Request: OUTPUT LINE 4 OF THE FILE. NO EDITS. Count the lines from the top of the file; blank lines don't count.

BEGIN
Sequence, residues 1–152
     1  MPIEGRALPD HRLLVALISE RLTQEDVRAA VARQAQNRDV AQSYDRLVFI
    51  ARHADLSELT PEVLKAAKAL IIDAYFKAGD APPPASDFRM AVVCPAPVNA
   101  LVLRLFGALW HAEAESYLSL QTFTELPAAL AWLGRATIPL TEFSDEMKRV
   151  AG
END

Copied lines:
   101  LVLRLFGALW HAEAESYLSL QTFTELPAAL AWLGRATIPL TEFSDEMKRV